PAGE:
After written, informed consent was obtained, patients were randomly assigned to one of four regimens: normal intravenous (IV) 0.9% saline hydration alone (NaCl), normal IV 0.9% saline hydration with NAC (NaCl/NAC), IV 0.9% NaHCO3 hydration alone (NaHCO3), or IV 0.9% NaHCO3 hydration with NAC (NaHCO3/NAC). Patients received a weight-adjusted preprocedure bolus as well as a maintenance intravenous regimen of an isotonic solution of either NaHCO3 (154 mL of 1000 mEq/L NaHCO3 to 846 mL of 5% dextrose, slightly diluting the dextrose concentration to 4.23%) or NaCl (154 mEq/L NaCl in 5% dextrose), at an infusion rate of 3 mL/kg/h for 1 h before contrast, and continued at 1 mL/kg/h during the procedure and for 6 h following contrast exposure. Patients who were randomly assigned to one of the NAC regimens also received an intravenous bolus of 1200 mg of NAC 1 h before intervention and 1200 mg orally twice daily for 48 h after intervention.
All patients received a nonionic, iso-osmolar, dimeric contrast medium – iodixanol (320 mg iodine/mL; 290 mOsm/kg water [Visipaque, GE Healthcare, USA]). The volume of contrast medium used was left to the discretion of the operator, and was not standardized due to variation among patients (eg, differing coronary anatomy, need of obtaining additional views to exclude eccentric coronary artery stenosis, and technical and patient characteristics related to the length of the procedure).
The follow-up period was seven days. Baseline clinical status and serum creatinine were measured before examination (0 h) and at 24 h, 72 h and 168 h after the procedure. The central laboratory at Beth Israel Medical Center performed all laboratory tests for inpatients. Individuals who were discharged before reaching the laboratory time points were instructed to go to a standard laboratory near their home or place of work, where a blood sample was drawn; serum creatinine test results were forwarded to Beth Israel Medical Center.
The protocol was approved by the institutional review board at Beth Israel Medical Center.
The primary outcome measure was the development of CIN, defined as an increase of greater than 25% in serum creatinine concentration from baseline to 72 h after administration of the contrast media. A secondary end point was the maximum absolute increase in serum creatinine during the study period.
Treatment assignment among the four groups was determined by randomization in a 1:1:1:1 ratio. To ensure that almost equal numbers of patients received each of the four treatments, a randomization block was used. Continuous variables are represented as mean ± SD. ANOVA or the Kruskal-Wallis test was used to determine differences between the groups. Categorical variables were reported as percentages and were analyzed using the χ2 test or Fisher’s exact test. To compare the rate of CIN (the primary outcome) in the treatment groups versus the rate of CIN in the control group, tests for significance were performed using Fisher’s exact test for categorical variables. ANOVA was used to test and compare mean creatinine levels between groups. ANCOVA was also performed for changes in serum creatinine levels (controlling for baseline creatinine and contrast volume) to determine whether a group effect was present. All tests were two tailed, with differences reported as significant if P<0.05.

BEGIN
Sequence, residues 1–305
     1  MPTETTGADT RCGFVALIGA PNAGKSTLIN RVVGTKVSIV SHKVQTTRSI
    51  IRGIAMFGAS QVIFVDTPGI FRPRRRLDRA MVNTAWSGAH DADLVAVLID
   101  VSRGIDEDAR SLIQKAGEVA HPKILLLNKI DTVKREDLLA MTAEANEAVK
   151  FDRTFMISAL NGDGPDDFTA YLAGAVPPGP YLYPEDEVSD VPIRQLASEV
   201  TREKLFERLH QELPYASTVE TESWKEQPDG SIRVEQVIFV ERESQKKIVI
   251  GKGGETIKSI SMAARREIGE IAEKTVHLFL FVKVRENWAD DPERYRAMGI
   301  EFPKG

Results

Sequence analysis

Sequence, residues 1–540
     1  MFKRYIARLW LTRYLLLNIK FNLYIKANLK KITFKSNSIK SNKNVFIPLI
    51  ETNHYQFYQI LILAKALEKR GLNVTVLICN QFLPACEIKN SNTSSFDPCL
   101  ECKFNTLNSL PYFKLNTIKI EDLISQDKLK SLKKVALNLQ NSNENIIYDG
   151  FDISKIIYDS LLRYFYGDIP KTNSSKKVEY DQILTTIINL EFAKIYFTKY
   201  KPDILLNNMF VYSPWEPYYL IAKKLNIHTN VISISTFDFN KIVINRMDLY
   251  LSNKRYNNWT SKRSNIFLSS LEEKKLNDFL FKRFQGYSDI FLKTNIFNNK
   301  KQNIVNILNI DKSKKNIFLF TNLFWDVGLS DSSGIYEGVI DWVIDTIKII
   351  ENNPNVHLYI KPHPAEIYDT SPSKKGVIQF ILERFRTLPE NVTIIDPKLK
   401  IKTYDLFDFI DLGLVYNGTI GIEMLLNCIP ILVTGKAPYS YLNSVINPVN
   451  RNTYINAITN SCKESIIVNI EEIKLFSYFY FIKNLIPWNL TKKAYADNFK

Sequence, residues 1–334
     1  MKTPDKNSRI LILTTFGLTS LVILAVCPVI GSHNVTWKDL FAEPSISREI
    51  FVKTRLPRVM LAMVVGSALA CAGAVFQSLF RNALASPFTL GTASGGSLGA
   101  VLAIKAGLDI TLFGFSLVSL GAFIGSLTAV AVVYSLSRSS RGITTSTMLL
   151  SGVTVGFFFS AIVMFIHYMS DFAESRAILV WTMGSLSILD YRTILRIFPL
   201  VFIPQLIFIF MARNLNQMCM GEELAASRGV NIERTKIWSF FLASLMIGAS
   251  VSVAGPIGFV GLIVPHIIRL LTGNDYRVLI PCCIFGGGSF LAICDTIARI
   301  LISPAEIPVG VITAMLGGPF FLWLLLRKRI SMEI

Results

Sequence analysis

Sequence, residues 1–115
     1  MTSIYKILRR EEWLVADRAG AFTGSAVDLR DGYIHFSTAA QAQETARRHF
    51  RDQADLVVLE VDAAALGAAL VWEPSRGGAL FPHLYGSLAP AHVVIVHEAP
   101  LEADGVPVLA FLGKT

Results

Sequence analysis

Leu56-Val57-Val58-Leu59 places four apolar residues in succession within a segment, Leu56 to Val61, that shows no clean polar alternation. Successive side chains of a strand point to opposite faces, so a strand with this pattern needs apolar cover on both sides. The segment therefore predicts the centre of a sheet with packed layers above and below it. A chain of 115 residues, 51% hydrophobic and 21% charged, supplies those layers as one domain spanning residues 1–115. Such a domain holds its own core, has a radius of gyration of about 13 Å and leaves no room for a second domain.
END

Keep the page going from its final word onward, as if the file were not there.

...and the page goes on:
Between January 2007 and January 2008, 118 patients were randomly assigned to the four treatment groups (Figure 1). A total of 78 patients (66%) completed the study. Twenty-nine patients were excluded because they did not complete their follow-up laboratory tests at 72 h after being discharged. The other 11 patients were excluded for various reasons: cancelled procedure (n=1), refusal of procedure (n=5), repeat catheterization the following day (n=4) and development of shortness of breath before receiving fluids (n=1). The statistical analysis was based on the 78 evaluable patient studies.
The baseline clinical and biochemical characteristics of the patients in the four groups are shown in Tables 1 and and2.2. There were no statistically significant differences in the baseline patient characteristics among the groups with regard to age, sex, height, weight, ethnicity, blood pressure, medications or procedure time. The only variable that significantly differed was contrast volume (P=0.024). Regardless of whether patients were included in the study because of diabetes mellitus, renal insufficiency or both, there were no significant differences between the subgroups in the number of patients fitting each criteria (P=0.313).